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Readers Respond: How To Cope With Vertigo and Motion Sickness

Responses: 7

By

Updated July 14, 2009

Bouts of vertigo (extreme dizziness which sometimes includes nausea and vomiting) can be very disabling. Some people find that lying very still is the only thing that helps. Other's have learned to hold on to walls in order to keep themselves oriented and upright. Find out how others manage their vertigo and share your tips as well. What works for you?

Merislon works for me

My experience with vertigo caused me to get fired. One morning, half waking up and turning my body from left to right, suddenly I felt everything moved without even opening my eyes. I thought it was earth quick. Frightened, I woke up and sit down at the edge of bed trying to get. I found everything spinning when I open my eyes and I throw up. Making enough loud noise to make my elder brother yelling outside of my room asking what happened. Realizing I was ill & not experiencing an earth quick, I stop my self from moving and moved very slowly out of my room. I moved so slowly that even slow motion movies is faster then me. I can not moved fast or sudden at all. My dress all wet from perspiration. Sitting down on sofa, my brother had a good idea to call my friend who is a doctor cause he knows there is no possibility for me to move & going to the doctor. She advised me to took Merislon, wait for the effect to clear and take my self to a doctor. Since then I always have a few tablet nearb
—Guest Susan

Spinning Around

The world spinning around occurs after jerky movements of the head, either while lying down or getting up from bed. Lie down again and get up very gently. Sit for some time and then get up slowly avoiding head movement in any other direction.
—Ayaprads

Years of Vertigo

My mother has severe Vertigo which has lasted years. She can no longer drive and keeps going to physical therapy with no avail. I can't seem to find information on next steps, and since I'm not present at doctor's appointments I feel there's something I'm missing. How can therapy be the answer when it's not working? Also, how is this therapy supposed to work. From what it sounds like, it just keeps making the symptoms worse until you get used to it - at what point do you just cry uncle and say they're never getting used to it? She has limited mobility and it clouds her thought process, at times, she doesn't remember my name. If anyone knows where I can get more information on the severe forms and procedures, I'd appreciate it.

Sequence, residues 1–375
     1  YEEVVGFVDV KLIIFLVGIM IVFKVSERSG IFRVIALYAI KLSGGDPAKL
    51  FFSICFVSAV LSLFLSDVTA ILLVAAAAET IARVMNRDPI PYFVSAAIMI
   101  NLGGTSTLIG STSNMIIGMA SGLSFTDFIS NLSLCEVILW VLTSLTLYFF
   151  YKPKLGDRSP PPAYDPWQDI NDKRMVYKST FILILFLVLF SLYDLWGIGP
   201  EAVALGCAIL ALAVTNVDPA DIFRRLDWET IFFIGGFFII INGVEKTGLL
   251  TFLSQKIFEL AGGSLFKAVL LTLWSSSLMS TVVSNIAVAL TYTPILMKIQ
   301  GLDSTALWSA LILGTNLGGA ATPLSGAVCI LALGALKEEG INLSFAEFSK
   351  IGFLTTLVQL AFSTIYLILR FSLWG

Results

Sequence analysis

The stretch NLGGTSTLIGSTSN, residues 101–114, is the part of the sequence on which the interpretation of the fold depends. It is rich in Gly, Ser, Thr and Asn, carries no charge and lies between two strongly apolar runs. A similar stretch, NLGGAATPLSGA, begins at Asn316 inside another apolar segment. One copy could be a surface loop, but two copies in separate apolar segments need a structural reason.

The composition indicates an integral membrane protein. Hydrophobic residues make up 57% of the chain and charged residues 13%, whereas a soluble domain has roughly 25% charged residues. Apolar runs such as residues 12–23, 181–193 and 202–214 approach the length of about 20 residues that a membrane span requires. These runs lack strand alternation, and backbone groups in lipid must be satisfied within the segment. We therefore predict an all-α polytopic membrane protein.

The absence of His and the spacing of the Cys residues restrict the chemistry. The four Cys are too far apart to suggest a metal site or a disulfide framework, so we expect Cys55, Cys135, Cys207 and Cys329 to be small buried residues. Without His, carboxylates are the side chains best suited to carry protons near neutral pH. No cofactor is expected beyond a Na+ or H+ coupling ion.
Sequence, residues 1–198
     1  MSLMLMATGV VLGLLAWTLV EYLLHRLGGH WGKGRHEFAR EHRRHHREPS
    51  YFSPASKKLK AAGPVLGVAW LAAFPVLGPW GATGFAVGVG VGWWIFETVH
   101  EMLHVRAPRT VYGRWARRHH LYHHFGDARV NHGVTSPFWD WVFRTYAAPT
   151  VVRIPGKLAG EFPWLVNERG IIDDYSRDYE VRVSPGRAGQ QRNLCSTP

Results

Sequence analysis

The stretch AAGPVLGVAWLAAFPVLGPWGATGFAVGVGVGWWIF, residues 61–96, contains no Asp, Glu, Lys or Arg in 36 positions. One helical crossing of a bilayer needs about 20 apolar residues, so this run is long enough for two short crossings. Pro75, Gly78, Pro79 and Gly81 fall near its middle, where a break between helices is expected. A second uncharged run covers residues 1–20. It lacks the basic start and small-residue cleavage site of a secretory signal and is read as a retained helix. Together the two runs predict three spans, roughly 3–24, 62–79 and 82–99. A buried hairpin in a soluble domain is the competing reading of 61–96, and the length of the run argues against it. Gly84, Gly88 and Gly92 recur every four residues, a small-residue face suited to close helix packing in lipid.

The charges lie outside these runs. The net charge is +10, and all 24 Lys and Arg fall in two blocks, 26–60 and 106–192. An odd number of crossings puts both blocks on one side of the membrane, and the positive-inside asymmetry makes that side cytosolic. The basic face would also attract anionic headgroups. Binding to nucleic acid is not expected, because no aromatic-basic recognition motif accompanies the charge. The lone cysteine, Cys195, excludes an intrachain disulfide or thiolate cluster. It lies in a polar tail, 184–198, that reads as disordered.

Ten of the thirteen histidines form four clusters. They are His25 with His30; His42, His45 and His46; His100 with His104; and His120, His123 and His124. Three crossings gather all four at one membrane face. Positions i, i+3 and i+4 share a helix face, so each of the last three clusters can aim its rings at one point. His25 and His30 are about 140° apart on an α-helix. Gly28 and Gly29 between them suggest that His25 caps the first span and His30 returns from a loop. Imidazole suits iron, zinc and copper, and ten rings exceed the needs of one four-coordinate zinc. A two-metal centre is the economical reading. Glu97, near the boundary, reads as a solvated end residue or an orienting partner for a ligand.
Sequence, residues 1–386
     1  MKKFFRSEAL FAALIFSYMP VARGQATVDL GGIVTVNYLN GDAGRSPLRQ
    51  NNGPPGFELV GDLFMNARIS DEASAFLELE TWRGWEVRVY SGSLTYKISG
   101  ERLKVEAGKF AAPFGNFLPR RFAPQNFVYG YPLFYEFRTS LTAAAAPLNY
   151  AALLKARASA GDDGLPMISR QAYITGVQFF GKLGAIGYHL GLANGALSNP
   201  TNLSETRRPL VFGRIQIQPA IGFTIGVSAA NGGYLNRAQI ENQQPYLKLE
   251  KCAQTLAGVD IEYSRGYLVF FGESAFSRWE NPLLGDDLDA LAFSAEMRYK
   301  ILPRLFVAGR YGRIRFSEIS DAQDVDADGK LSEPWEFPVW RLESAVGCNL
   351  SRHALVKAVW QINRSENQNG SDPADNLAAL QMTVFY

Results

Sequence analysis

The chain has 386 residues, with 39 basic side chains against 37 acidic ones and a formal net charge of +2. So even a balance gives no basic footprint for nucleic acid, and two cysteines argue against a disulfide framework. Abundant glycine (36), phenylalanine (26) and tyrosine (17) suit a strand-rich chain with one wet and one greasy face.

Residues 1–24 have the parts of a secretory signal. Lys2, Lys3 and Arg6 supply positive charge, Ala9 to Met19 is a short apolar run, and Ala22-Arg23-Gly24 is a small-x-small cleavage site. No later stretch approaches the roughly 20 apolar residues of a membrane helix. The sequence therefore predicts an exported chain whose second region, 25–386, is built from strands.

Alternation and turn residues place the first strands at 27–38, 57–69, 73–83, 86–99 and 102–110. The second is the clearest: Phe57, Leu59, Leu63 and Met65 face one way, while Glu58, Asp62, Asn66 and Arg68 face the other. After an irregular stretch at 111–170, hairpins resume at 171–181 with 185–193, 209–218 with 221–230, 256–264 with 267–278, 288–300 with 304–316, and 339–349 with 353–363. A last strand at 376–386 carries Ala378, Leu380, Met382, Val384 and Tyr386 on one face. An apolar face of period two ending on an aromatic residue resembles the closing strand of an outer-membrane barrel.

—Guest unknown

My experience

I only had severe vertigo once, for about 3 weeks. All of a sudden one morning I woke up and couldn't stand up -- the room was spinning, I was dizzy and nauseous, etc. It eased up in the afternoon. For the next 3 weeks, I was like that every morning. I couldn't get up, couldn't go to work. Several doctors told me it was probably a virus and would go the way it came - suddenly - but I was freaking out. In the end, it did go the way it came, and never came back. But while I had it, it was very frightening.
—Guest Nancy

Dealing with Motion Sickness

I tend to get motion sickness easily in cars. It helps a lot if I'm the driver. If I can't drive, being in the front seat is the next best thing. Also, I rarely get motion sick at night, it usually only happens during the day.
—Guest Mia

Acupressure wristbands

I have used acupressure wristbands with some success. There is a pressure point on the inside of the wrist and these activate that to alleviate nausea. They are not perfect but it helps me a bit.
—Guest katy

Support Hose

I experience problems with dizziness and nausea prior to fainting when blood flow drains to my legs and ankles. If I know I'm going to be standing or walking for long periods such as shopping or site seeing I wear compression stockings to help prevent syncope episodes.
—Guest lila

What works for you?

How To Cope With Vertigo and Motion Sickness

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